Before I express my opinion on this film, I want to explain something first. With this movie comes three kinds of viewers:
Viewer #1: Someone who has read the novel by Thomas Hardy, from which the film is adapted.
Viewer #2: Someone who has read the novel and/or seen previous film adaptations of it.
Viewer #3: Someone who has neither read the novel, nor seen a single film adaptation.
I am in the Viewer #3 category, thus my opinion may be quite different from those who already know the story. For example, the thrill of not knowing whom the main character would choose at the end, or if she chose at all, was enough to make me sweat. Being introduced to all the new characters, with no idea where they would end up or what they would do, was part of what swept me up into the story and made it so enjoyable. It was beautiful.
I’ll give you just a little bit of background, as much as I knew going into it, for I do not want to spoil it for my fellow Viewer #3’s. The story tells of Bathsheba Everdeen (whoa…interesting name), a strong-willed and independent woman in Victorian England whose relationship with three very different men tests her emotions, choices (sometimes questionable), and ideas of love. It is an intensely romantic and swoon-worthy film, full of all the mushy stuff us hopeless romantics love. Longing looks. Brooding men. Subtle touching of hands. Epic declarations of love. Goodness gracious it is almost ridiculous….but perfect in every way.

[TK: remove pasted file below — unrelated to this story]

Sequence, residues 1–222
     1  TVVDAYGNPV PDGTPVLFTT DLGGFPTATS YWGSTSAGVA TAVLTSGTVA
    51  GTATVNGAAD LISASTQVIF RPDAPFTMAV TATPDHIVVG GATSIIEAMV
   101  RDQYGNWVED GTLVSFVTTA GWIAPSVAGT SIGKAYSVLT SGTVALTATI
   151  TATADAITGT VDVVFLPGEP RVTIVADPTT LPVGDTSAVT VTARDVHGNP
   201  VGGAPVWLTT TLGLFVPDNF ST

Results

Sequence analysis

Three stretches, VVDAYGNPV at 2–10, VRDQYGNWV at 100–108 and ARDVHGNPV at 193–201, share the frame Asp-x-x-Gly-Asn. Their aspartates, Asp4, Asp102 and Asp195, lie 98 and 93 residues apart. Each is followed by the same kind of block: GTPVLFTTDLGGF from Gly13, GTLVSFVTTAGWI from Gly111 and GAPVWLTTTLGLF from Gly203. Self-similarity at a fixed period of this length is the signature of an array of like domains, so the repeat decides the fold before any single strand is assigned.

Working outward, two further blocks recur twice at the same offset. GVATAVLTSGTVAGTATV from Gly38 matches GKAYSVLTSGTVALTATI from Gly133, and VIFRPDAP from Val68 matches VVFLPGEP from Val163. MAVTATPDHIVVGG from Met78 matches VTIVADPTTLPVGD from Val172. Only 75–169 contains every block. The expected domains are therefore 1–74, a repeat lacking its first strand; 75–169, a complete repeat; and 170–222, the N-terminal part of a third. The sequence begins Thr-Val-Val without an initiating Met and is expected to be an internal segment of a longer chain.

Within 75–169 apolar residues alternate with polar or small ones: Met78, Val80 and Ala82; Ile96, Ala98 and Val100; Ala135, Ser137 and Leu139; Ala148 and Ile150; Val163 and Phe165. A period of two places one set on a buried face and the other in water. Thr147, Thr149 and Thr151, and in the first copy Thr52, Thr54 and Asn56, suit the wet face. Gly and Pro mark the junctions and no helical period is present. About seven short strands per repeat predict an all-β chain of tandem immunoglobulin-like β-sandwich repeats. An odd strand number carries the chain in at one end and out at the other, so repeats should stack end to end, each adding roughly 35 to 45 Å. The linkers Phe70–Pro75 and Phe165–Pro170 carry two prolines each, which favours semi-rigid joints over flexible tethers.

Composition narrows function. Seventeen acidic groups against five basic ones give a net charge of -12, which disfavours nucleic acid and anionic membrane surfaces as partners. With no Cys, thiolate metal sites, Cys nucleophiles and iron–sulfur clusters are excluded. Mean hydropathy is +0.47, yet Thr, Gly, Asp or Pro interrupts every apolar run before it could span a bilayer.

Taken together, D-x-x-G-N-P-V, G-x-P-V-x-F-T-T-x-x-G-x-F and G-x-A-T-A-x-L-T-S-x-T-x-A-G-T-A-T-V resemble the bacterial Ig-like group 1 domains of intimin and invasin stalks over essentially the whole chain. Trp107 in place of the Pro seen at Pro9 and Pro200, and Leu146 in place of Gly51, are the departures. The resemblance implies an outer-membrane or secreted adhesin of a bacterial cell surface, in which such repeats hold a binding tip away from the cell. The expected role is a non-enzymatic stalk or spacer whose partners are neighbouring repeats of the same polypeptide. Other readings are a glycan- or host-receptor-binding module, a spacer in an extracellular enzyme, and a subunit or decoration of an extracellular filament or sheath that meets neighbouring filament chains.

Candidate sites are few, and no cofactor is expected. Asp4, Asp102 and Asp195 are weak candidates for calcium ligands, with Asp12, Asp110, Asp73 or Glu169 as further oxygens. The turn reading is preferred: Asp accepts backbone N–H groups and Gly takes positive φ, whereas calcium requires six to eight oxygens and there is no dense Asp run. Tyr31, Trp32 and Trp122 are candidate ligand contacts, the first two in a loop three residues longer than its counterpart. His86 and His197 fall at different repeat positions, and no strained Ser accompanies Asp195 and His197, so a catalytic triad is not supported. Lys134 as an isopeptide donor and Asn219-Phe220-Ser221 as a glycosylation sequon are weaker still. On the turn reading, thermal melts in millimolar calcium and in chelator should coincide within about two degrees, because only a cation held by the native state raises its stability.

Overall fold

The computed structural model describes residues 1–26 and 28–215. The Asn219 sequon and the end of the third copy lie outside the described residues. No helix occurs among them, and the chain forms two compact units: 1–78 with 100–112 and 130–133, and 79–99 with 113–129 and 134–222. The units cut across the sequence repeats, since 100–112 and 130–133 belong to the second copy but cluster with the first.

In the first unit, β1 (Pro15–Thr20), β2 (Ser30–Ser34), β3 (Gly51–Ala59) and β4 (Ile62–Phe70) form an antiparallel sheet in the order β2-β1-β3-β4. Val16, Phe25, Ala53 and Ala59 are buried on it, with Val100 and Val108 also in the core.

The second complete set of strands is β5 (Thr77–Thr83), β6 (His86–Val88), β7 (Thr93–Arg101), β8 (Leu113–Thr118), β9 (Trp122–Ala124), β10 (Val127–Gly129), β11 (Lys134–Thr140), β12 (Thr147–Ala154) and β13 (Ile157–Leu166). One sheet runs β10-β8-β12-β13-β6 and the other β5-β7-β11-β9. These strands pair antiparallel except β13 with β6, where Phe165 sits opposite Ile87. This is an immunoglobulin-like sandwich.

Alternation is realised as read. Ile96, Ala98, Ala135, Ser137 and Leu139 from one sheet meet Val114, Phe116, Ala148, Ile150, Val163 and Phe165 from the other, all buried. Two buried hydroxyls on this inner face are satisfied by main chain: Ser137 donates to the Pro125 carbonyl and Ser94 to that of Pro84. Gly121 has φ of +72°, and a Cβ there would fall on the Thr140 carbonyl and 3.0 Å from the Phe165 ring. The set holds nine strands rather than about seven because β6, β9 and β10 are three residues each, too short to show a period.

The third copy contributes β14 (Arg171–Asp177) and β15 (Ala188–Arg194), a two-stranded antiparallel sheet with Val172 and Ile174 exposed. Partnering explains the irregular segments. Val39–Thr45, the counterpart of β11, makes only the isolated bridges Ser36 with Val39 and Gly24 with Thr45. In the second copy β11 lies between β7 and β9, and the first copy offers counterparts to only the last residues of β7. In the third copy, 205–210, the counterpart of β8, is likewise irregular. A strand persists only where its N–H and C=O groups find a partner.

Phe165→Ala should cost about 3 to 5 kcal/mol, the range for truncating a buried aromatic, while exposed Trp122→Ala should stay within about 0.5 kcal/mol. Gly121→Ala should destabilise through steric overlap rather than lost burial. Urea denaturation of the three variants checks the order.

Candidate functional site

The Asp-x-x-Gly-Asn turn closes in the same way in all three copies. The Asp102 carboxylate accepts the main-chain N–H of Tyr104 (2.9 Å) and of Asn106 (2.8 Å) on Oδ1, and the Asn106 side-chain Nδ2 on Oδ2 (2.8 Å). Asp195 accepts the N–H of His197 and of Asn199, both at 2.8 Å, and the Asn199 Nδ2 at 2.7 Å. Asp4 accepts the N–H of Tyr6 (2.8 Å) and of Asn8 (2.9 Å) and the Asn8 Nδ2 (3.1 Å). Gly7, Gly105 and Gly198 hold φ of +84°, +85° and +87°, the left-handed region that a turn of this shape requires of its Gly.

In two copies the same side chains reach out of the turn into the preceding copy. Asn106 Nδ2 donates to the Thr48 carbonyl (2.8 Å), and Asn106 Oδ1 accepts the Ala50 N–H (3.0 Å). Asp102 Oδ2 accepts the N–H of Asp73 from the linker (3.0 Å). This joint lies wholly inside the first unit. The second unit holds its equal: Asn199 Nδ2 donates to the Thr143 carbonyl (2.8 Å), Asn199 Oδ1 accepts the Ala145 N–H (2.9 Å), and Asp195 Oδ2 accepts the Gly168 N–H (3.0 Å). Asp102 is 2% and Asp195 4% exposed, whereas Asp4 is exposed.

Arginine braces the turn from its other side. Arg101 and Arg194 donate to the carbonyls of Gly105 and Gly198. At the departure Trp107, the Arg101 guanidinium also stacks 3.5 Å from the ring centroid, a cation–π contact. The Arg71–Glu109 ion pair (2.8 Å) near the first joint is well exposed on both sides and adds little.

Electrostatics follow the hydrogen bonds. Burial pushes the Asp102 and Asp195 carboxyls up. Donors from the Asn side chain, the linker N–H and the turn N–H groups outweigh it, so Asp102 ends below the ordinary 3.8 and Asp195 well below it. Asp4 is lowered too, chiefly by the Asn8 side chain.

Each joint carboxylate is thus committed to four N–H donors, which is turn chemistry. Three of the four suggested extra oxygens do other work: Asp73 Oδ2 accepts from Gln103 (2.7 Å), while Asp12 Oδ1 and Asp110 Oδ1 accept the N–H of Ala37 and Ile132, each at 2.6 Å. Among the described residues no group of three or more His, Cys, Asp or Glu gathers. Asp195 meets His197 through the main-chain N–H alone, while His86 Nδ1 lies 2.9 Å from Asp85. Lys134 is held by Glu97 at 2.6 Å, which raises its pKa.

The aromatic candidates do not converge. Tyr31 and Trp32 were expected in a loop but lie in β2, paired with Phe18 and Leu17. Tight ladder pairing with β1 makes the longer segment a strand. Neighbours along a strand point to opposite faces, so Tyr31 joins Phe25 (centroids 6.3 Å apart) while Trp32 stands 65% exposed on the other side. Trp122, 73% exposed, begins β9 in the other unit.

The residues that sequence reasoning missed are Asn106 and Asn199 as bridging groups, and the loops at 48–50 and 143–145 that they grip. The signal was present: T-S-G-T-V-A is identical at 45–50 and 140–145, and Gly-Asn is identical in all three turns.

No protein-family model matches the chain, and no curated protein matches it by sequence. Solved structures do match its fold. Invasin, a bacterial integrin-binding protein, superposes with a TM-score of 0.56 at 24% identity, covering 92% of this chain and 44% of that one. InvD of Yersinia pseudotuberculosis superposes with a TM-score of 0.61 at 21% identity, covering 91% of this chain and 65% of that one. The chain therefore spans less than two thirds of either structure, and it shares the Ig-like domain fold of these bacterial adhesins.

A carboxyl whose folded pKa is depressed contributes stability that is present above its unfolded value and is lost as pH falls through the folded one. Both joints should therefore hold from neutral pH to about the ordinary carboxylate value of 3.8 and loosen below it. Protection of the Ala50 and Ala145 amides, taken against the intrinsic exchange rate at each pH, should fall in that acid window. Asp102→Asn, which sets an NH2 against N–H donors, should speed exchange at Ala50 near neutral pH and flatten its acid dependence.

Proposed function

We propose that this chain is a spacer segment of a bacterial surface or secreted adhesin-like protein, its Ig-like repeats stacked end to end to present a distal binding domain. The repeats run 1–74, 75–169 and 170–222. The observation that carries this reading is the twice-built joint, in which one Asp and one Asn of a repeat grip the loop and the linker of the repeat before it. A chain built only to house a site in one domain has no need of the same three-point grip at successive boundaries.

My mother joined me on this movie watching excursion and we clasped hands the entire time, with occasional swoon faces, gasps, and weeping. By the end, we were in a fit of tears, jumping up and down like school girls. This is most likely the experience you will have if you are in the Viewer #3 category. And that is just with regards to the story.
Visually, the film is a stunningly gorgeous piece of art. The film delivers from start to finish scene after scene of sweeping landscapes set to a romantic score of violins and piano by composer Craig Armstrong. The costumes (of which one was displayed at the Arclight Cinema on Sunset Blvd in LA where we saw the film) are intricate and beautifully fitted to each character.
Carey Mulligan proves her talent in yet another superb performance, but the men are the true treasures of the film. Newcomer Matthias Schoenaerts plays Gabriel Oaks whose character has few lines, yet speaks volumes with every stare (every glorious and beautiful stare…*wink*). Tom Sturridge is marvelously disturbing as Sergeant Francis Troy, yet lacks the charm I believe the character was meant to have. Michael Sheen gives a strong performance as William Boldwood, stealing the show during an emotional scene between him and Schoenaerts’ character Mr. Oaks.
I could go on and on for days. What is important is that after several weeks, I’m still giddy and trying to catch my breath after watching this movie. You may love it. You may hate it. If you enjoy movies like Pride & Prejudice, North & South, and The Notebook, this is your kind of movie. Far From The Madding Crown has found a spot in my Favorite Romance Movies List. Hopefully it will make it into yours as well.